Reason being: I have cute kids. Yes, I know that every parent probably thinks that about their children, but in my opinion, they are really quite good-looking. I am Eurasian, which gives them slightly olive skin, high cheekbones, and cute button noses. Miss 7 has light brown hair and brown eyes. Miss 4 is blonde with blue eyes. Mr 2 has almost black hair, and eyes so dark brown they’re almost black. And I’d prefer for them to be in their late teens before they start posting identifiable photos of themselves online. They’re all listed with Faye Rolph models, and the girls have both had modeling jobs in the last 6 months (Miss 7 was in the Christmas Amart All Sports TV ad) but any identifiable photos which can be traced back to our address – or even any specific location – are a plain scary thought.

That being said, the photo of them yesterday was cute without revealing too much. And I liked that. They’re a huge part of my life, and I like writing about them. So I’ve decided to post more, similar, photos of them here. (They DO take a good photo, I must admit!) Today’s is the whole family, taken early last year. It’s probably my favourite photo ever.

Exhaustion plus.

Source: flickr.com via Jessica on Pinterest

Ever had one of those weekends when you finally get there and just ‘stop’?! Where your week has been just SOOOOOO busy that you haven’t had time to just sit? And you haven’t really noticed if you’ve eaten, or slept? Well, that’s been my week this week.

Starting last Saturday, I woke up sick. As in, the non-stop dry cough kind. Sunday, this became a back-ache so bad I could hardly move, and spent the day flat on my back. This is extremely unusual for me, a person who is often told that she ‘never stops’. I was actually really quite worried, because I knew how huge the coming week was, and I just didn’t know how I’d survive it all if I couldn’t even walk! But God is good, and I was able to stand by Sunday night, and walk again by Monday morning. Thankfully! But the upshot of a day in bed was that I read ‘People of Heaven’ by Beverly Harper, which was rather reminiscent of Bryce Courtenay’s writings about Peekay and Tandia. An interesting story, but I’m not sure whether the author should have included so much history ‘tacked on’ in places, without being directly relevant to the plot. Nevertheless, a good way to spend a day in which you can hardly move.

Monday, Tuesday and Wednesday were a blur of work, podiatry appointments, childcare, swimming lessons, driving, and non-stop rain. On Wednesday afternoon, I pulled Miss 7 out of school early, planning to buy school shoes at Athlete’s Foot, Morayfield… only to discover that their store had closed, and the closest was at Caloundra. So the kids played with my iPhone camera while we waited in line at BUPA, to get some of the huge amounts of money back from the Podiatry appointment. And be yet more disappointed, because our Health Cover didn’t do much covering. And yet again, it was a day of poor health choices food-wise.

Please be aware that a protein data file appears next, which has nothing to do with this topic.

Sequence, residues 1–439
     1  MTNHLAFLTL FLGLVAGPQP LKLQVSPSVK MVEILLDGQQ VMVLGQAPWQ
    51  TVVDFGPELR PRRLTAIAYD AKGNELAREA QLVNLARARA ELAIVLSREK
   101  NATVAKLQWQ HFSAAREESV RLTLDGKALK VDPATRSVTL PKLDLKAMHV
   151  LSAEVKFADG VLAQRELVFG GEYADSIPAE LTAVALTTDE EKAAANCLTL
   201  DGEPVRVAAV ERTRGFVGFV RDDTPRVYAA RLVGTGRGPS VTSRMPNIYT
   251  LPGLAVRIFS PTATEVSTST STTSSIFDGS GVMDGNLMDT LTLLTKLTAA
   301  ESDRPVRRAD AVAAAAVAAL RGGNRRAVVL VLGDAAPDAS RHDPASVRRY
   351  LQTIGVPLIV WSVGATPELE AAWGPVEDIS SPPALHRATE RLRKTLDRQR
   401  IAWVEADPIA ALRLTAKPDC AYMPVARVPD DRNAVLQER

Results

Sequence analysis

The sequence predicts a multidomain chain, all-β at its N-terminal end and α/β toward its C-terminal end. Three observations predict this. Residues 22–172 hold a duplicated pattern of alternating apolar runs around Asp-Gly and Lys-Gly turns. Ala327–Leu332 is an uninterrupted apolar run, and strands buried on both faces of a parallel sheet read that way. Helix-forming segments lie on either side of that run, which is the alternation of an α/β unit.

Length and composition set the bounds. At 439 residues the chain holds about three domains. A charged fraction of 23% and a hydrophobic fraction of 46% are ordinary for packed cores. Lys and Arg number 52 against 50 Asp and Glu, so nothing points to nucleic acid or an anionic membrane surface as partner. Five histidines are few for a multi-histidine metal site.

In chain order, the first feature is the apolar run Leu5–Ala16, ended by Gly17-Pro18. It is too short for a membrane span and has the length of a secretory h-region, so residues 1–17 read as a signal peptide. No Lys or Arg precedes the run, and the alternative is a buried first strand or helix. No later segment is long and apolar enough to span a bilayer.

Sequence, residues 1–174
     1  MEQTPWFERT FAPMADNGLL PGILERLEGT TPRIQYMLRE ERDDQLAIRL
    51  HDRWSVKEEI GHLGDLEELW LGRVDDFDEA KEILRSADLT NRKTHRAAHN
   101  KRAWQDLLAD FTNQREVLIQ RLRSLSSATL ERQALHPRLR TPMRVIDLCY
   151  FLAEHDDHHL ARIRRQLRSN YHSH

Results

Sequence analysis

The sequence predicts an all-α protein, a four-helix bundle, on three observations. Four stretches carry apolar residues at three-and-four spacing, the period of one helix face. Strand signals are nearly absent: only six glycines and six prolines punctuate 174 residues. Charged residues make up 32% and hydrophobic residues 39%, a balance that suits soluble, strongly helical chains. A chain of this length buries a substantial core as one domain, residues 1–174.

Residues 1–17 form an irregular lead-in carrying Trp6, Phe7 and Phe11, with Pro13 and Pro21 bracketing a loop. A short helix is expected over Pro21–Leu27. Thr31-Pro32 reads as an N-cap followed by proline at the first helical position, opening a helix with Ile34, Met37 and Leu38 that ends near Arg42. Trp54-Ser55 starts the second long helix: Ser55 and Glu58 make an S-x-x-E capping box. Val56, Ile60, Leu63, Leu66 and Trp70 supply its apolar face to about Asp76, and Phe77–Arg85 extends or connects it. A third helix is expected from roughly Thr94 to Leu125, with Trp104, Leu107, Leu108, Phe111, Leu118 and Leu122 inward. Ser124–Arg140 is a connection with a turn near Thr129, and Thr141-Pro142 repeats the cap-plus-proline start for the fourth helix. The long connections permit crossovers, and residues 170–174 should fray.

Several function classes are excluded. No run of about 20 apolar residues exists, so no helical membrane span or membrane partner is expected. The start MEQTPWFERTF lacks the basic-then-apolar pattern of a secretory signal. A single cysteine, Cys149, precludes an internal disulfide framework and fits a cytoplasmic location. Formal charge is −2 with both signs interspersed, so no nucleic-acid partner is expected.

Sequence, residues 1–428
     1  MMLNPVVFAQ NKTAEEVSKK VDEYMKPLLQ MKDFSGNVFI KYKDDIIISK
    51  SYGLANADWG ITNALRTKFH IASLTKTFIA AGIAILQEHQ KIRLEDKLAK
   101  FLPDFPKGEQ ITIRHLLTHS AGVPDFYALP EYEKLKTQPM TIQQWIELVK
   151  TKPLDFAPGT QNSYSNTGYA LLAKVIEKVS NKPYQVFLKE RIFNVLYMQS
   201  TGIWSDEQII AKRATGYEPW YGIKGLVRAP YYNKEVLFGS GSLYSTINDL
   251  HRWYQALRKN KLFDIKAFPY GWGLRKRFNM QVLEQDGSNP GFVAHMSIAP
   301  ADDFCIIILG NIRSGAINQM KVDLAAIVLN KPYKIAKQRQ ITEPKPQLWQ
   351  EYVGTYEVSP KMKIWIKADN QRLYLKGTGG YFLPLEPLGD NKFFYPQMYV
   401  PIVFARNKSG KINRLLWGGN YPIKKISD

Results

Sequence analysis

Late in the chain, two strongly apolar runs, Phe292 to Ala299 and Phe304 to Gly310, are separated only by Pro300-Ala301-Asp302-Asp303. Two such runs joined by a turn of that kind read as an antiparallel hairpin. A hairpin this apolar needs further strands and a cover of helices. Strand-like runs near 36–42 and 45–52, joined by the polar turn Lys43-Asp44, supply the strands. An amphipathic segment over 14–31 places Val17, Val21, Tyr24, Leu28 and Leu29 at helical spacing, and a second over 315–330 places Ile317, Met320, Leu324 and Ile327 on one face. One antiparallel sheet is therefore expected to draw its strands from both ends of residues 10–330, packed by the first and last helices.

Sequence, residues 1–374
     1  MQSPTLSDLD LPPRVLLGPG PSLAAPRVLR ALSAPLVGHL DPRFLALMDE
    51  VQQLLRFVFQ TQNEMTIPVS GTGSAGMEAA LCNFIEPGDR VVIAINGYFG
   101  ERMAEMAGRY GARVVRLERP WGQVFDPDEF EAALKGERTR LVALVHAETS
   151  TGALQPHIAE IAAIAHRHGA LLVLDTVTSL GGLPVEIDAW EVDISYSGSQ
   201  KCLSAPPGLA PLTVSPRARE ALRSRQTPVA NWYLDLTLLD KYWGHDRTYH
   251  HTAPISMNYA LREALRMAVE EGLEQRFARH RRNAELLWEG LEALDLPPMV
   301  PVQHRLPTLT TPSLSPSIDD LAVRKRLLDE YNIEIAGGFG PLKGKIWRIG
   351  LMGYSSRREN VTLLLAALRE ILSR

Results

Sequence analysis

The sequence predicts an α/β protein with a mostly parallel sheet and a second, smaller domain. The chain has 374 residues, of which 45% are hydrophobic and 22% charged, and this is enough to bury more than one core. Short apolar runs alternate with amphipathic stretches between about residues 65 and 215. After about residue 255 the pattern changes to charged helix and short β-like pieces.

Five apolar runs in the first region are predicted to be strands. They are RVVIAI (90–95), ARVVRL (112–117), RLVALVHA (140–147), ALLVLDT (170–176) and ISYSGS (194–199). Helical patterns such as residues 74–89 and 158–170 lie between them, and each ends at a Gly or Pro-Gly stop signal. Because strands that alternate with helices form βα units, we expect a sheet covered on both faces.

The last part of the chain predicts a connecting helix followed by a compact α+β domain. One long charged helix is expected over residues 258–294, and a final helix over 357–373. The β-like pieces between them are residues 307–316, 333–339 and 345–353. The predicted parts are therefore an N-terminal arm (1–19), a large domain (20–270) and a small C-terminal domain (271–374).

Thursday was Australia Day. A day of not ‘having’ to go anywhere. When asked that morning, I had told Hubby that I wanted to spend the day hanging pictures, now that I had finally bought myself a Wall Stud Finder. Instead, seeing as the rain had stopped, we took the kids to a crowded Kings Beach Pool, ate a fish-and-chips lunch, then took a lovely long drive. Mr 2 immediately fell asleep, and the girls played with home-made ‘helicopters’ made out of sandals and sunnies. Quite cute.

 

 

 

 

 

 

 

 

The rain returned that night, so on Friday morning I changed my plans and spent the day at home. It was splendiferous. Hubby and Miss 7 eventually made it to school, but not before being caught in the parking lot that was the Bruce Highway southbound, at Caboolture. And I caught up on work. Housework. Laundry. Dishes. Hanging those pictures. Filing. Blogging for Bloxham Marketing. Oh – and playing with iBooks Author, now that I’d upgraded to the Lion OS and lamented my touchpad now going backwards.

So. That was my week. Huge. And now I get to stop. Hooray!!!!!

School’s in for another year!

It’s Monday, January 23rd. 5.19am because that’s just how I do it in my little corner of the world. Apparently. At least, when I’ve gotten up three times to two different children (and of course Mr 2 just so happens to be running a fever again) and I have a huge morning ahead of me.
Firstly, school’s back. Miss 7 will experience Grade 2 for the first time. Miss 4 is excited about being in the Preschool room at the nearby ABC child care centre, and Mr 2 doesn’t know anything about it yet but he probably won’t be particularly happy when he finds out that he’ll be there as well.
The lunches are made. The bags are packed. We need to do the breakfast bit, the uniform bit, the strapping into carseats bit, and then the driving bit. At the other end, it’s the unstrapping of carseats and the unwrapping of Mr 2’s little arms from around my legs and the dropping-off of Miss 7 to the undercover area where she is supervised with all the other ‘early’ kids while I speak to the staff about their role in my week 1 internal marketing plan, which kicks off at 8.40am sharp, and goes hell-for-leather for these three mornings. Which is why my younger two need childcare this week, when normally they would be with me. (It’s just getting SO darn expensive, don’t you think?)